The cable outlet in my girlfriend's living room is in a strange place. She wants to move her TV to a different wall but the landlord doesn't want any new holes in the wall or floor. If the wall was just painted drywall I'd just put a hole in the wall and patch it later when she moves out but the wall is covered with a strange fabric wall paper and I don't think I could patch it.

Essentially, anything I do I need to be able to undo. I'm thinking of running the coaxial cable from the basement into an existing electrical outlet. What is the best way to do this? I couldn't find any coaxial/electrical duplex combos that can fit into a single gang box. Essentially what I'm looking for is a single gang outlet that has coaxial on the top and power on the bottom. I guess I could try and modify a single outlet and a coaxial outlet with a divider between them into the existing box. Any suggestions?

  • 7
    The NEC requires line voltage and low voltage or RF wiring in the same box to be separated by a partition. Each space must also be of a certain volume for proper wiring technique. Meaning you need at least a double gang box to do this in accordance with the NEC. However, if you guerrilla rig something like that mentioned in the answers, it's probably reasonably safe, though hardly ideal.
    – bcworkz
    Commented Dec 1, 2012 at 20:05

7 Answers 7


Have you thought about trying to achieve the same result without running wires? Assuming you're using a cable (or satellite) box of some kind (and your TV doesn't have a built-in cable card), you could use something like this:

Wireless A/V transmitter

That would give you a standard RCA connection from your satellite/cable box to your TV. There are other options for other connection types; e.g. this one for HDMI (although it gets spendy).

Failing that, how about just using a quarter-round cable cover around the edge of the room?

enter image description here


Looking through a Leviton catalog and doing some searches on Google, this is probably a bad idea.

They don't make an outlet that is single gang, 1 120v outlet with a coax connection above or below.

In a double gang box, you would use a low voltage separator to keep the 120v side separate from the coax side. Obviously, as you don't want to cut a bigger hole in the wall, this is a problem.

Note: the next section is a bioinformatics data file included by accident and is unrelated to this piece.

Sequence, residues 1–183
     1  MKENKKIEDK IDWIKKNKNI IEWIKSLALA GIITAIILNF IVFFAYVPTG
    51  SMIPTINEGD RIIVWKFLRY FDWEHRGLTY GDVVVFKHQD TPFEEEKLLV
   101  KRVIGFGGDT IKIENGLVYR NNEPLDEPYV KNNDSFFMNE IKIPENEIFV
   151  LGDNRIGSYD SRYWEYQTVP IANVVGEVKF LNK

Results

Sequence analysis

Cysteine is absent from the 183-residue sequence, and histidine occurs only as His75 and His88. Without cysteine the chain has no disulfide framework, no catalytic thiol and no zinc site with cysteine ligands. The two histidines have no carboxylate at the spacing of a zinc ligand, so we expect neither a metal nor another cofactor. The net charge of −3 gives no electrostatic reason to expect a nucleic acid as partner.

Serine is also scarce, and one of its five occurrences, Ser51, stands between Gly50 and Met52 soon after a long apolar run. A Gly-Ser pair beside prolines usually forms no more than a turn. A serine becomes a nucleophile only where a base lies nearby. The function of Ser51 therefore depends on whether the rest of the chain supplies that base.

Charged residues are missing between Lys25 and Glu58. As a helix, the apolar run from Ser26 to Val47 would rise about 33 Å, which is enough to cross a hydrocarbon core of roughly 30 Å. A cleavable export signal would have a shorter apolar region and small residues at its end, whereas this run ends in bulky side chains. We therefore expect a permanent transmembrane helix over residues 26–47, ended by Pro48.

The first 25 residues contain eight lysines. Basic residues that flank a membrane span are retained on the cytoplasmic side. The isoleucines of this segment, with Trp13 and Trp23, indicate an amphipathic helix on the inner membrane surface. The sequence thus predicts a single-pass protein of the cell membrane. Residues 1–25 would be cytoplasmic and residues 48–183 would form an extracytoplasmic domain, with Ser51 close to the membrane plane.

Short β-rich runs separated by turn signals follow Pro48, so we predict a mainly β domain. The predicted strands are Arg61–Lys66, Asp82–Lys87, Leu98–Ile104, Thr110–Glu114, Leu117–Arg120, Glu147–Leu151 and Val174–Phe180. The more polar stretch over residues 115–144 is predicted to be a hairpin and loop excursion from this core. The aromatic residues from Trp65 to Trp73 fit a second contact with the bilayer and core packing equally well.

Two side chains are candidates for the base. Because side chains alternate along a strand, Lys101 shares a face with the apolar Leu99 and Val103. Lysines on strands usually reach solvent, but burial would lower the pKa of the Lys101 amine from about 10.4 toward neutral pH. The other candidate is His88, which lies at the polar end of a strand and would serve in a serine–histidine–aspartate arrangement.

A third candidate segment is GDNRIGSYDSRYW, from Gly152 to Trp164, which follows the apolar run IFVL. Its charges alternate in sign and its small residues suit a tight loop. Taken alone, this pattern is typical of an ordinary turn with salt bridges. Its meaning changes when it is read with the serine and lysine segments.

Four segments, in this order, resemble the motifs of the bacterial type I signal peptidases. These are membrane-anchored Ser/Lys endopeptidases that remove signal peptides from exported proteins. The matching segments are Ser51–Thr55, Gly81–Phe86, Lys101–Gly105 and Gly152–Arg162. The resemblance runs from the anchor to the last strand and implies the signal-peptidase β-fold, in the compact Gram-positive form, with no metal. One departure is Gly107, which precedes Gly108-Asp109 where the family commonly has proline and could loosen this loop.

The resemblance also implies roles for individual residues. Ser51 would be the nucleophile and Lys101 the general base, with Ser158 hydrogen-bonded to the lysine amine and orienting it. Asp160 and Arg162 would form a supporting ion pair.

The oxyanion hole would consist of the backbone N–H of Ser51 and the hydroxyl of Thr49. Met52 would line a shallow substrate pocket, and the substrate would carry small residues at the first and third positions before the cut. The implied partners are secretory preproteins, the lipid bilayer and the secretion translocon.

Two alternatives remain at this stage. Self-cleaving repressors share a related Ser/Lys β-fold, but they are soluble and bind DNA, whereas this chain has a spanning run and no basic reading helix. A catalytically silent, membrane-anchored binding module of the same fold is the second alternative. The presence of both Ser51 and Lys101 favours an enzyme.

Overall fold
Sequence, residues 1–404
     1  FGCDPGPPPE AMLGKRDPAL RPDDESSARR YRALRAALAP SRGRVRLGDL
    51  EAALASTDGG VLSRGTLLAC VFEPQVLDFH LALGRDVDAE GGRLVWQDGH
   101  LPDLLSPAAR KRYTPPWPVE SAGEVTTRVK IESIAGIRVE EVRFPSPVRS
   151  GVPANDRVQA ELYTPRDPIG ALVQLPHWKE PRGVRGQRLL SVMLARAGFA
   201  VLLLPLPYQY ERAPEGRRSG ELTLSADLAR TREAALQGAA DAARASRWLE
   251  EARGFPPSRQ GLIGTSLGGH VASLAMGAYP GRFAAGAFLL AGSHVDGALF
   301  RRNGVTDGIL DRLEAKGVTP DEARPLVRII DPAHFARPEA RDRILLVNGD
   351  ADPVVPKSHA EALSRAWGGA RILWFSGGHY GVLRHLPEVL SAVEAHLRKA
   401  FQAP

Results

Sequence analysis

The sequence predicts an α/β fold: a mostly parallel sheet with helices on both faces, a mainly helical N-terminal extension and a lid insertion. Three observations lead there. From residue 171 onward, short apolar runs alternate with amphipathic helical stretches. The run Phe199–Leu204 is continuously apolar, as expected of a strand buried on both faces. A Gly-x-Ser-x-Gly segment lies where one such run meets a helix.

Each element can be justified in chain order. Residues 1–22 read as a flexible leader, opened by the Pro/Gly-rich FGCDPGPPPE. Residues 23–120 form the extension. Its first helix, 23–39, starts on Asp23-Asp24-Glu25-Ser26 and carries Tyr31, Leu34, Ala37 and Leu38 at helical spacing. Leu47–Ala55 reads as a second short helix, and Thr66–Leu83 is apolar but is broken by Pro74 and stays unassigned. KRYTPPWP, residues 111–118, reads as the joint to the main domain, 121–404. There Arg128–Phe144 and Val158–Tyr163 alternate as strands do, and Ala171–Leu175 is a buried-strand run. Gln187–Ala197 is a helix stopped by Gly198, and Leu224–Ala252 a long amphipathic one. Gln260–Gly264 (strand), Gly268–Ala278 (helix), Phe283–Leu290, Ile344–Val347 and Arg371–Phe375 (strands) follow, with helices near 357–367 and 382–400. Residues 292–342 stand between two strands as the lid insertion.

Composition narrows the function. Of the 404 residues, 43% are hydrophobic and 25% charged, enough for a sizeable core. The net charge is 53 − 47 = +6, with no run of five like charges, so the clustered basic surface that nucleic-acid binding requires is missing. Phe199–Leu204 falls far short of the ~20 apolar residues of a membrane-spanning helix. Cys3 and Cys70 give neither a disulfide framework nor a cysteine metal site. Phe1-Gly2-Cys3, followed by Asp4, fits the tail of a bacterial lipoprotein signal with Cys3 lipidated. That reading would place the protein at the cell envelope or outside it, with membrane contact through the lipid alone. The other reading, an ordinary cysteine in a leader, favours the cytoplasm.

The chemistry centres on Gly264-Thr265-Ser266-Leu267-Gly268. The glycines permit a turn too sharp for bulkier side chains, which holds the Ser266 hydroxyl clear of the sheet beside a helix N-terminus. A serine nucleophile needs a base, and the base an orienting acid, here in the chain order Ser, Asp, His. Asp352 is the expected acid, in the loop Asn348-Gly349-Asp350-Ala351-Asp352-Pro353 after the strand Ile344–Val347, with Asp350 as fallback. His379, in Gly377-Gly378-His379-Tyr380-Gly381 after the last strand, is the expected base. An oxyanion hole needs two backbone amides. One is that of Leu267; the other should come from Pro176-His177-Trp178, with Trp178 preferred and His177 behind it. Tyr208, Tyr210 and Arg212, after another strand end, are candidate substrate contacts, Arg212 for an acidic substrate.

I would NOT modify a 120v outlet to have a coax connection anywhere near it. The actual 120v outlet is sealed, made out of some sort of plastic and it would be very dangerous to try to modify the outlet for this purpose.

Also, with the coax being so close to the 120v outlet IF you modified it, you may very well cause interference, not to mention risk a fire hazard.

Find another means to run the coax, be it along the edge of the room near the baseboards or in a plastic wall conduit.

If there's carpet, the landlord won't notice a small hole drilled in the corner near the baseboard in the floor; if its hardwood it might be more noticeable. Either way, if the landlord finds out about it, she may loose her deposit (or whatever the terms of the lease are).

I would also advise NOT taking out an 120v outlet and using it for a coax run. You would need an outlet at the end of a run and even still, you would only be able to put wire nuts and electrical tape on it, not remove it completely. This would leave you with a live line in the same box as the coax. If anything ever happened to the wire nuts and the coax some how got electricity running through it, it could very well burn down the house.

Ultimately, see if you can work something out with the landlord; even if it requires some $$$.


If the outlet is hidden from view, and the cover is large enough, you might be able to bring the coax out of the wall between the edge of the drywall and the side, top, or bottom of the j-box. You could then modify the cover to allow the cable through. This probably isn't code either (because you are modifying the cover), but at least the coax isn't inside the j-box. You could then either put an inline junction in the line, or run it long enough to go the whole distance to the TV.